World POG Federation, the company that made Orange County the center of the craze over a bottle caps game, is getting a much needed cash infusion from a Beverly Hills company--but is paying a hefty price.
The company’s dynamic founder, Alan Rypinski, will give up controlling interest in the company that he founded two years ago as the milk cap fad was booming. He also will step down as chief executive.
Rypinski said he had little choice. The Irvine company had become so strapped for cash that it would have been forced into bankruptcy without an outside rescuer.
Rypinski, 56, said he simply failed to set aside enough cash to weather market downturns.
“I [should] have warchested enough capital to see us through this lull,” he said.
He announced Monday that he had lined up Pacific Capital Group Inc. of Beverly Hills to invest in his World POG Federation. The amount of the investment was not revealed. As part of the arrangement, Rypinski’s stake in the company will shrink from 78% to about 25%, officials said. He will become chairman emeritus as Pacific Capital assembles an executive team to run the company’s daily operations. The management committee will include one or two executives appointed by Pacific Capital, but Pacific officials declined to identify their representatives.
Rypinski started World POG in 1993 after seeing a television report about a frenzy over the milk caps in Hawaii. Within a few months, he had acquired the POG trademark from a Hawaiian dairy that has been marketing POG--it stands for Passion Orange Guava--juice for 25 years.
Last year, he won a long legal battle giving his company exclusive rights to the POG name, arguably the oldest and best-known trademark name in the milk cap industry, observers said.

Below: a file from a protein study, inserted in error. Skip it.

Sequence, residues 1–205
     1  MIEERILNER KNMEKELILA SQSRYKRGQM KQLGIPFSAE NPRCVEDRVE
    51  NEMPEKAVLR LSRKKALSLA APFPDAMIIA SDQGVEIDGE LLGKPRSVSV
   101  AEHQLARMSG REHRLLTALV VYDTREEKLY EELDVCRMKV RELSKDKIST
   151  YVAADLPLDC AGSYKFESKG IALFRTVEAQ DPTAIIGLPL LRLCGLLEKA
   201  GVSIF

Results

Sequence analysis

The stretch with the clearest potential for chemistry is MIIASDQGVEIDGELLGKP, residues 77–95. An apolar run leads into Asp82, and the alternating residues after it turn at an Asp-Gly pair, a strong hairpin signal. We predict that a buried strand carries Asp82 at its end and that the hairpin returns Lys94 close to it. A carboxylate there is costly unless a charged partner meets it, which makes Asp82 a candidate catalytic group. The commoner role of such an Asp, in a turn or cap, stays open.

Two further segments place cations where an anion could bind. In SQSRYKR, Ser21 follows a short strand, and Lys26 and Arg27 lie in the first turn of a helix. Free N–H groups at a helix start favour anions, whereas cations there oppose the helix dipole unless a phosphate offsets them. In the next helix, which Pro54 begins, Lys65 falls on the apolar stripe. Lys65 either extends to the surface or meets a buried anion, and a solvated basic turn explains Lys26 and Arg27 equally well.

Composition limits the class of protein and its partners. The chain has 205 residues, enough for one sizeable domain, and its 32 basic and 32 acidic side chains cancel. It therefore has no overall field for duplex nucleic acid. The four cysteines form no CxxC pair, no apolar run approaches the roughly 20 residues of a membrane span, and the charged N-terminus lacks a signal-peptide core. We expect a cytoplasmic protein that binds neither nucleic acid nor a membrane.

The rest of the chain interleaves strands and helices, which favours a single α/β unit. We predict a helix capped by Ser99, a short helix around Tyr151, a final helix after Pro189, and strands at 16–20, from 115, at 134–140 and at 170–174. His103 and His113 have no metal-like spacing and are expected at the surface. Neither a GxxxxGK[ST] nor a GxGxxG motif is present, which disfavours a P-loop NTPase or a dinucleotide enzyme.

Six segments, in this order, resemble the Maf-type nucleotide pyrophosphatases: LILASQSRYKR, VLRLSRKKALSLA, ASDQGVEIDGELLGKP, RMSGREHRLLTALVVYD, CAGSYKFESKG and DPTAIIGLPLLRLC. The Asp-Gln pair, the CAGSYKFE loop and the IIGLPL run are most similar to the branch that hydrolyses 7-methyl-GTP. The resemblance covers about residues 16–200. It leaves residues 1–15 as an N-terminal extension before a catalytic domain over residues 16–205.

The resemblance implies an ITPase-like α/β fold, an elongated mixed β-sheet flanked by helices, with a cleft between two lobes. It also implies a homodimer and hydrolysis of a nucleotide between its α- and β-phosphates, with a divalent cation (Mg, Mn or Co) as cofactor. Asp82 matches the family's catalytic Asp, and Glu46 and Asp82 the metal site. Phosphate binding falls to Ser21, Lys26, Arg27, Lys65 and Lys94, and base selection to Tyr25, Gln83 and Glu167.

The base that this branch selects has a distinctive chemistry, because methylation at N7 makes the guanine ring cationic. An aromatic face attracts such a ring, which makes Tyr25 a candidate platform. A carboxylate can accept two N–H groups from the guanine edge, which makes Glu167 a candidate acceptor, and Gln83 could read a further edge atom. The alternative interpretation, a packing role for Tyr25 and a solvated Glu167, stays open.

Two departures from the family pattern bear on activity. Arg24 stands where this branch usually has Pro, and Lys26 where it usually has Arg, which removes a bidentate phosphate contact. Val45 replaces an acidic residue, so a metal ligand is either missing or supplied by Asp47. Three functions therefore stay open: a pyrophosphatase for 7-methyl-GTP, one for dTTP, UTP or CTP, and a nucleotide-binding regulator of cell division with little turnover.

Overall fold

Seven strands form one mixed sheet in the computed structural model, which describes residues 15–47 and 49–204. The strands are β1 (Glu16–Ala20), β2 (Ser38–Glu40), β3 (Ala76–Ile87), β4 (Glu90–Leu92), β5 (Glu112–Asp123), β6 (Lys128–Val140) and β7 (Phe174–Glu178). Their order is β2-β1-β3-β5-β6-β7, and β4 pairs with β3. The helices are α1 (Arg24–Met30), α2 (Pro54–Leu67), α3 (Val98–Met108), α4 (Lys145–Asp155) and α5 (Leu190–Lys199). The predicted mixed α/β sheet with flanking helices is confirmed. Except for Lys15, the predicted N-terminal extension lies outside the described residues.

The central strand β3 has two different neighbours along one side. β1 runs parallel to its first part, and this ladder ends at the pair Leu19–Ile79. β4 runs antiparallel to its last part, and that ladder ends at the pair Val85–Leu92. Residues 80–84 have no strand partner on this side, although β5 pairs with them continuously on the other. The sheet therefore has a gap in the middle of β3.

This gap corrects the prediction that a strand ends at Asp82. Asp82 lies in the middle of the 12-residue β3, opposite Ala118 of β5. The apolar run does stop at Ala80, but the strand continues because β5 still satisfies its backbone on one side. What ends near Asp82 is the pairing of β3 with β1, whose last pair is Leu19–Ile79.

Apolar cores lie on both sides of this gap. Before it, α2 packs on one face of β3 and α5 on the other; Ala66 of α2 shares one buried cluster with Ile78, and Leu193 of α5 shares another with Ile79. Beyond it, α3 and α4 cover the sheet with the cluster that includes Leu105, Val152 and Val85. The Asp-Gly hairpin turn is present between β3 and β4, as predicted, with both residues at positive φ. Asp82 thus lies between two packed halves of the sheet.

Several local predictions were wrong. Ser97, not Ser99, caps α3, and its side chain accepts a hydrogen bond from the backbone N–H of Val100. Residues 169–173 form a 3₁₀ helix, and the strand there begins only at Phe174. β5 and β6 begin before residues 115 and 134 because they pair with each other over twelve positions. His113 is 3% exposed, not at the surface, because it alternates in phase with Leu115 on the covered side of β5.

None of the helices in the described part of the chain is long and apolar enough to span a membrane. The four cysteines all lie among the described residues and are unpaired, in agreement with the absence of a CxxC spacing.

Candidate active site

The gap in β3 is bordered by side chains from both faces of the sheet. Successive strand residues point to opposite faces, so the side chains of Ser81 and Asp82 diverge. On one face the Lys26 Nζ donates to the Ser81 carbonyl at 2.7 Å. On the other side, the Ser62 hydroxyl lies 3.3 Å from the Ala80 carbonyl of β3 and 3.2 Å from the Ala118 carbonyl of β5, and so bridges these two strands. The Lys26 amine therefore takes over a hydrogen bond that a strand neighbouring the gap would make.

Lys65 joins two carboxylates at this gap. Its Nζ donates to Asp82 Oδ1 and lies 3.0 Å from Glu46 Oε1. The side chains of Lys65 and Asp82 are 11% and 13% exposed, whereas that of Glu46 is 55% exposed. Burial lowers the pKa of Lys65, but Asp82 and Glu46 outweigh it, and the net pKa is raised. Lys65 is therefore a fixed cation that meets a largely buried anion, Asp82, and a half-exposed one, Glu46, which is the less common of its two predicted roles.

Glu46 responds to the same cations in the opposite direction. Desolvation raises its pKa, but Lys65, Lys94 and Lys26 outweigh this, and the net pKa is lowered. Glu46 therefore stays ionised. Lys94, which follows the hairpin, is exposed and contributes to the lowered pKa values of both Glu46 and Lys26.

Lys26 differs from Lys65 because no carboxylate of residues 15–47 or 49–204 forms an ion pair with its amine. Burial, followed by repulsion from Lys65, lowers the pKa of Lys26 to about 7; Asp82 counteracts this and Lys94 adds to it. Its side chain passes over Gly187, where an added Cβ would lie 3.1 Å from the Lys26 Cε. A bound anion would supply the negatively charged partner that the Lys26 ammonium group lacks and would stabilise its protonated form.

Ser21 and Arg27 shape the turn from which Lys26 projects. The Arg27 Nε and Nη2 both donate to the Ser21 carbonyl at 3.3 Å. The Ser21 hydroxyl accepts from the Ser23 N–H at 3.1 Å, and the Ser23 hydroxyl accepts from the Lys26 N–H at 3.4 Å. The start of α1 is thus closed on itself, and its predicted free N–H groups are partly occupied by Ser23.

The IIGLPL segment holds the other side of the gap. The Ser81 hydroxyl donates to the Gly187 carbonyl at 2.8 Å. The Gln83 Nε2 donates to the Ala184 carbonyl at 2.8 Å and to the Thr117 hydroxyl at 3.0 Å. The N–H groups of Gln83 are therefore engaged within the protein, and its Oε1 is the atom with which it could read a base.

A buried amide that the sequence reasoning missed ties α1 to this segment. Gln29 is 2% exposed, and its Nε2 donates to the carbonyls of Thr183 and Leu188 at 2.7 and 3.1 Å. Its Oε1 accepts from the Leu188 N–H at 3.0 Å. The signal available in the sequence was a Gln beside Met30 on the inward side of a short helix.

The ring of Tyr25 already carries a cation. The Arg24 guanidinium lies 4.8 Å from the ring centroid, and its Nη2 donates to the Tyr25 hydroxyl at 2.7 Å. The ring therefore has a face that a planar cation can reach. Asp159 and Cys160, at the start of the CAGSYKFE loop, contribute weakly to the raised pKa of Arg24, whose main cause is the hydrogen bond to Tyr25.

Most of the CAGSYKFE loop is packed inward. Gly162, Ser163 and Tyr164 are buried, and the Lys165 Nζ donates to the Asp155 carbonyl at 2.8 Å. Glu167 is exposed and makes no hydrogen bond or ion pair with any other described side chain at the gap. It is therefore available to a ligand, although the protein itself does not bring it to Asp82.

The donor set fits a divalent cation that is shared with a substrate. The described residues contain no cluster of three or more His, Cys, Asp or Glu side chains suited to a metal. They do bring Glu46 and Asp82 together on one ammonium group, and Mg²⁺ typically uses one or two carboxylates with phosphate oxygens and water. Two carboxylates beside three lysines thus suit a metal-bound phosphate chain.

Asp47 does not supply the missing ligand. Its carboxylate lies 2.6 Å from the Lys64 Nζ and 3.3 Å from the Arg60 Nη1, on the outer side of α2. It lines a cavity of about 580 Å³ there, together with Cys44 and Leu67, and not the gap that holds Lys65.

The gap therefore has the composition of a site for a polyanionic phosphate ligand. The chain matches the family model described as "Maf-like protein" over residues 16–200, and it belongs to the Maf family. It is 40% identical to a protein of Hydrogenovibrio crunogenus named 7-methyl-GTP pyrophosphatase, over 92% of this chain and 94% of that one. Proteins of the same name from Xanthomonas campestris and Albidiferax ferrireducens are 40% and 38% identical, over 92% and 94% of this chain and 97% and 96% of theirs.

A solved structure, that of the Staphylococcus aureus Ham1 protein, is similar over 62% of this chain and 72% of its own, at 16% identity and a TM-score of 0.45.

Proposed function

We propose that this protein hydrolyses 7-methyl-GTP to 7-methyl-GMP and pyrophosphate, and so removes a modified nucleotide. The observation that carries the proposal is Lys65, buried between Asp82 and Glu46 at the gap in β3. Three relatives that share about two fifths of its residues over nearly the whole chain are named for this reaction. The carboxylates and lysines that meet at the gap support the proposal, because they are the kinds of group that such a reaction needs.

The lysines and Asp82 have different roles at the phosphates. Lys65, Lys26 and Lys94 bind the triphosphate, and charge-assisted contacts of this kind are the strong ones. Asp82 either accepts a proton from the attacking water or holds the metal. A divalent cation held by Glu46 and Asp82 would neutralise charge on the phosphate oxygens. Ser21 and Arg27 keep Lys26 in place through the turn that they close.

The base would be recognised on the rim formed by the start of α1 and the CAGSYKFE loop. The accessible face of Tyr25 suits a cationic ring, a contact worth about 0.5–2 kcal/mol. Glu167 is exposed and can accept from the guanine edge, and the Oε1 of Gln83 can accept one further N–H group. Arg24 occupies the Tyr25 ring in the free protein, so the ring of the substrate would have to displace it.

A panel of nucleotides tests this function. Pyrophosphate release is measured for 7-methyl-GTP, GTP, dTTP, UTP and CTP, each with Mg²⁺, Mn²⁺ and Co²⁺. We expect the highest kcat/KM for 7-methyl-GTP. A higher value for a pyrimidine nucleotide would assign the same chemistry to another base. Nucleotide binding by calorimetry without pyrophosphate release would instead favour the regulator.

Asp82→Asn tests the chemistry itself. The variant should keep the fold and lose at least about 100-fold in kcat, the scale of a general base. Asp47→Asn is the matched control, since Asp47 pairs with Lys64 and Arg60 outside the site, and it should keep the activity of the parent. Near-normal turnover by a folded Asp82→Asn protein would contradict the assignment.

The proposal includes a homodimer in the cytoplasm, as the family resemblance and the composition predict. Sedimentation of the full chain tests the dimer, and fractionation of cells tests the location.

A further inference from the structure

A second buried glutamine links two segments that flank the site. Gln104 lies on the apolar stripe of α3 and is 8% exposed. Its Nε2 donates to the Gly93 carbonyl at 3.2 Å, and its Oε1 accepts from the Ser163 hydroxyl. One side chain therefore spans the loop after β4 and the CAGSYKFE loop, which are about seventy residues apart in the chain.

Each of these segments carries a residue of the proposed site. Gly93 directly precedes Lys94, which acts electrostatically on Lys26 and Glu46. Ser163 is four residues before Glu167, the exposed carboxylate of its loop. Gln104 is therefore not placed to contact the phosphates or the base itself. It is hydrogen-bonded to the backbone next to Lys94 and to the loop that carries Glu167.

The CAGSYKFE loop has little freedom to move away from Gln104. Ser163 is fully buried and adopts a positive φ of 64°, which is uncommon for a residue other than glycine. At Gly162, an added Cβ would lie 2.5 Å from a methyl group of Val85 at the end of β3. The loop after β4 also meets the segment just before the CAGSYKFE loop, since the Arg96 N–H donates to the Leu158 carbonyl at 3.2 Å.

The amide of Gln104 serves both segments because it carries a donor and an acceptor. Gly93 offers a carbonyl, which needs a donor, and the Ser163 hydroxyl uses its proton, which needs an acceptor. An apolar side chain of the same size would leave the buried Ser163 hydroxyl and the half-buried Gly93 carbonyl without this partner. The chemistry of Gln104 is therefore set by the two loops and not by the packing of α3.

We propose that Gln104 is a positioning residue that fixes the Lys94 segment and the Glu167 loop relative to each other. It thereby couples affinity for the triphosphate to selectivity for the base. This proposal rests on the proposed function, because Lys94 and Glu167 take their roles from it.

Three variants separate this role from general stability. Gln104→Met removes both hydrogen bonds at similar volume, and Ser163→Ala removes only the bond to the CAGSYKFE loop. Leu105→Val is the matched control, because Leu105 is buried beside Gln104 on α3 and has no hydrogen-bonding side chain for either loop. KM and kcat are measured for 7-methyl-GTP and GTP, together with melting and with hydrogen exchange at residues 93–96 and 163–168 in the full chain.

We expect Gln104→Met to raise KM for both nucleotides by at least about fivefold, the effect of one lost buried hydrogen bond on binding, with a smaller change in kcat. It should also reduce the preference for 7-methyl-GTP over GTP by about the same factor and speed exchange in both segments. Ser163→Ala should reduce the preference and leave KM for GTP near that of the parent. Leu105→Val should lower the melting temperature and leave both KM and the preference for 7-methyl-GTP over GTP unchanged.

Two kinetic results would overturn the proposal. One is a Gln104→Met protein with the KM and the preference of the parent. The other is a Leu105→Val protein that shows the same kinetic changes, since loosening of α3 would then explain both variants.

The Irvine company capitalized on a popular game featuring silver-dollar-size cardboard milk bottle caps bearing glossy, colorful displays with bright graphics, holograms and the likenesses of media favorites ranging from NBA star Shaquille O’Neal to well-known comic book characters. But in recent months, the company has been saddled with heavy inventories as imitators flooded the market and the demand for Pogs dropped. The company’s work force was slashed from 55 to 15, and Rypinski began looking for outside investors.
Although he no longer will be handling the company’s daily operations, he said he still believes that the company has a great chance of rebounding.
“Kids still love the game,” he said.
He pointed out that the company still has marketing agreements with several major companies, including Warner Bros., Kraft General Foods Inc., McDonald’s and Coca-Cola. But the company may have even greater potential in the international markets, he said. World POG Federation has licensing agreements in 17 countries, including Japan, England and Canada.
“If we just keep doing what we are good at, we will be in good shape,” Rypinski said.
Other industry executives, however, said they believe it may be a while before the market opens up. Bill Hodson, president of TROV USA, a Corona bottle cap maker, says that because of the easy market entry, hundreds of companies have flooded the market with imitations.
“It would have had greater potential for staying power if so many people hadn’t jumped into the game,” he said. “The [demand] is flat line right now.”
Hodson said that he doesn’t expect demand to pick up until at least 1997 when a new group of youngsters can be introduced to the products.
Rypinski, who in the 1970s turned Armor All into the leading marketer of car-care goods, said he sees some positive aspects in giving up his top position at World POG.
“I am very proud of my accomplishments,” he said. “I spent the last several years working 80-hour weeks. Now I can spend more time with my wife and family.”